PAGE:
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Probability and Hume's Inductive Scepticism$
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D.C. Stove

Print publication date: 1973

Print ISBN-13: 9780198245018

Published to Oxford Scholarship Online: October 2011

DOI: 10.1093/acprof:oso/9780198245018.001.0001

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The Truth and Importance of its Fallibilist Consequence

The Truth and Importance of its Fallibilist Consequence

Chapter:
(p.90) 7 The Truth and Importance of its Fallibilist Consequence
Source:
Probability and Hume's Inductive Scepticism
Author(s):

D. C. STOVE

Publisher:
Oxford University Press
DOI:10.1093/acprof:oso/9780198245018.003.0008

This chapter provides a discussion on the truth and the importance of the fallibilist consequence of Hume's argument for inductive scepticism. It starts by addressing the independence of inductive scepticism and inductive fallibilism. It also explains the currency and importance of inductive fallibilism. It seems at present as though inductive fallibilism has been absorbed into the thought of educated men for good. If this really is so, then there is indeed one sense in which inductive fallibilism has become, or is becoming, trivial: the sense in which any very general, simple, logico-philosophical truth, once perceived as true by all educated men, is trivial. Inductive fallibilism is needed as a standing reminder that even if predictive-inductive inferences are more conclusive than Hume's inductive scepticism says they are, still they are less conclusive.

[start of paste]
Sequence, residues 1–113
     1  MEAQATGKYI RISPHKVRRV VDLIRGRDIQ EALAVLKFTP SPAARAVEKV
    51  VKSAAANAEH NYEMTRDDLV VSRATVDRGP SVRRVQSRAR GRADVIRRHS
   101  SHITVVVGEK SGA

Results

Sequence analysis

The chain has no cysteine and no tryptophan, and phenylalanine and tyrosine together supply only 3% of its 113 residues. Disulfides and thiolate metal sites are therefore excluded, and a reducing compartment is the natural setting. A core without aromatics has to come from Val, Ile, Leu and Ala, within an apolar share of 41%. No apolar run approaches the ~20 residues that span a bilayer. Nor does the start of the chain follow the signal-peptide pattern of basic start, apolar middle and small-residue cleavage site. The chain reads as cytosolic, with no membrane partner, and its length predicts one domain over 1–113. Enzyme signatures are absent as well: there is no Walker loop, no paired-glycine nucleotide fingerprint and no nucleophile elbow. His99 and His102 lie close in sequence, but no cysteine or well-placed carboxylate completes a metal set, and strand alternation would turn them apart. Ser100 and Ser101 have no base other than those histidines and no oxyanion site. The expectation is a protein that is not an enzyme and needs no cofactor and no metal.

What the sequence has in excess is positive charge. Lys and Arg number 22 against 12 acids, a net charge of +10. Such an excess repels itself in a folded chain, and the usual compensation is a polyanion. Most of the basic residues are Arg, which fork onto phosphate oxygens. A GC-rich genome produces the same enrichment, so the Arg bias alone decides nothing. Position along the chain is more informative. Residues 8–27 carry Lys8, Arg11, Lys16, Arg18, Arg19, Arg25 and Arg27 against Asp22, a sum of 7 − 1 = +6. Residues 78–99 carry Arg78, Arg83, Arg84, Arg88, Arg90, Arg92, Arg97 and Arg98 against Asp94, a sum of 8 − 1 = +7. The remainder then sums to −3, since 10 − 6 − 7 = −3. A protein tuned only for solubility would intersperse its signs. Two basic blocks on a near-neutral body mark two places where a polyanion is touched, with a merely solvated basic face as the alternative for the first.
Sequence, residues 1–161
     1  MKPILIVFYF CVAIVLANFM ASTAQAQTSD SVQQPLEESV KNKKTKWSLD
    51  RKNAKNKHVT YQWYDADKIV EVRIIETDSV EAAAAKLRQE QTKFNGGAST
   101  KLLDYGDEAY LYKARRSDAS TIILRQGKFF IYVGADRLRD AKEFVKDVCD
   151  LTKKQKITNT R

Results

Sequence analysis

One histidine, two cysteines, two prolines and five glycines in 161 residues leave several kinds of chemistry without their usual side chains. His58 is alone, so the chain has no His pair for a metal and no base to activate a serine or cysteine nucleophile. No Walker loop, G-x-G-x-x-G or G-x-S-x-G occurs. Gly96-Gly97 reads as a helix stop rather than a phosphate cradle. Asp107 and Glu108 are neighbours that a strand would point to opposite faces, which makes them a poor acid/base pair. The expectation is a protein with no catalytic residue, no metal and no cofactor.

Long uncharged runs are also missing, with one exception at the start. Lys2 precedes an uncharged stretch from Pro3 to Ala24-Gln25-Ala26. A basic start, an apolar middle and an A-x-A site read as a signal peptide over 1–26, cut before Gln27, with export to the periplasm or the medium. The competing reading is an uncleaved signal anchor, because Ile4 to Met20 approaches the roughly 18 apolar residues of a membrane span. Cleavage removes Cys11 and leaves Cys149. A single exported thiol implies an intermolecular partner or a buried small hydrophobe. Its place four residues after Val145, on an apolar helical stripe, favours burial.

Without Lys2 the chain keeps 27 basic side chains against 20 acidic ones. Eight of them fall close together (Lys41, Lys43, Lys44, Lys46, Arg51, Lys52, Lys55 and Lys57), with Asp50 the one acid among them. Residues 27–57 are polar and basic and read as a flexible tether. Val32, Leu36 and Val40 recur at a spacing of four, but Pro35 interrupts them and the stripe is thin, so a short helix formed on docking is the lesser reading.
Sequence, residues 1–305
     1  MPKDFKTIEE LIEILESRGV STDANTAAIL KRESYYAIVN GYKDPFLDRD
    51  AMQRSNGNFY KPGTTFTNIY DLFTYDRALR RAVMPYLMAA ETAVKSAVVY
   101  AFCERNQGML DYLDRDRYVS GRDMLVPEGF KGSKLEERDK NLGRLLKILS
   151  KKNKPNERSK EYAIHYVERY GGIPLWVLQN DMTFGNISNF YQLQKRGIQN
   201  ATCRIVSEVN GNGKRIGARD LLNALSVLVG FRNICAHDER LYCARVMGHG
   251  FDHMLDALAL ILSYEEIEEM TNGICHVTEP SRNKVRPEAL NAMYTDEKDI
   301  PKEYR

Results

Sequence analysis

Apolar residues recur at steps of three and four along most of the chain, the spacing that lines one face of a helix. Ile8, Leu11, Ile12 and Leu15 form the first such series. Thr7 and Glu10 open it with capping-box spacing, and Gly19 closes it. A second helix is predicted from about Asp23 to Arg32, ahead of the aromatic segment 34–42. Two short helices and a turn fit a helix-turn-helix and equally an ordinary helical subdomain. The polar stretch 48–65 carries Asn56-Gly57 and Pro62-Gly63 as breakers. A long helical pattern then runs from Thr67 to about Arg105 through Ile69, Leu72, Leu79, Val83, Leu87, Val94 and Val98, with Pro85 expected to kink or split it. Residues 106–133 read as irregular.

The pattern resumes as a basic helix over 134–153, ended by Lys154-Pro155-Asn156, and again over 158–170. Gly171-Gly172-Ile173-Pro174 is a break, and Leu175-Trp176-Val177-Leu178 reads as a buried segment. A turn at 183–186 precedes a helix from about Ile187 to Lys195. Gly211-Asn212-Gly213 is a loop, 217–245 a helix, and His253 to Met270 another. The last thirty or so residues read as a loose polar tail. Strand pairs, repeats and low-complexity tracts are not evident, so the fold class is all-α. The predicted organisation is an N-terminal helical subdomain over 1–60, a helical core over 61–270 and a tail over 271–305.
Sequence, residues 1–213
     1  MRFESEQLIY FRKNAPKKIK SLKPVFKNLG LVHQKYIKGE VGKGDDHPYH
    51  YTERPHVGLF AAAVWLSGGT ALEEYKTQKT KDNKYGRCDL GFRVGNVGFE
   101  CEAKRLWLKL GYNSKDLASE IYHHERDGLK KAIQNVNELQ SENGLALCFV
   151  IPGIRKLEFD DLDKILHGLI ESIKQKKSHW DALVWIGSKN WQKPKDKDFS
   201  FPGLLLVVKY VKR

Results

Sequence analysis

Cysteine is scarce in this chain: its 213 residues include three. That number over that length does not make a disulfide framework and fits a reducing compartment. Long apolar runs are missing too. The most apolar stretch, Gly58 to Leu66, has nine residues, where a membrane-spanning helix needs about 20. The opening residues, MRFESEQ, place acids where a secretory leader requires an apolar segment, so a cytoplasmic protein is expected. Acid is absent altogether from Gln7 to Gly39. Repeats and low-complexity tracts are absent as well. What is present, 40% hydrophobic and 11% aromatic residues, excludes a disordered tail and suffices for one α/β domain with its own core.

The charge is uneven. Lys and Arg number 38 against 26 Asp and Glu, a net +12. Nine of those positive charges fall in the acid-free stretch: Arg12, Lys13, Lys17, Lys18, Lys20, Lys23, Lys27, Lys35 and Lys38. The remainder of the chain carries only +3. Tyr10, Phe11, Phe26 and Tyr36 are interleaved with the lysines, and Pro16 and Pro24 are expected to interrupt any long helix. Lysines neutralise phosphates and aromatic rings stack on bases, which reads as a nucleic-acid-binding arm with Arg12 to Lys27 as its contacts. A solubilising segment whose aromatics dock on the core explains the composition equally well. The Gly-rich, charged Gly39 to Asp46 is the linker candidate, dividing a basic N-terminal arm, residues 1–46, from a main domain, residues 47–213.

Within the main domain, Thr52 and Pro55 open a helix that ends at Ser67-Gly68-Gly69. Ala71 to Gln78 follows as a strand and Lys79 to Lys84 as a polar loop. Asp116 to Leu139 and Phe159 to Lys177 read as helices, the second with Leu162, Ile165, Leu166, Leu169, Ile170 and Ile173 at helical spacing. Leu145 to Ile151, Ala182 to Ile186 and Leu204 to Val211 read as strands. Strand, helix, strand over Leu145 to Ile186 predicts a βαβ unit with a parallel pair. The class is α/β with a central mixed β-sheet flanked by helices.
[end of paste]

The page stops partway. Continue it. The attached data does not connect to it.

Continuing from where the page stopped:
Keywords:   fallibilist consequence, Hume's argument, inductive scepticism, inductive fallibilism, predictive-inductive inferences

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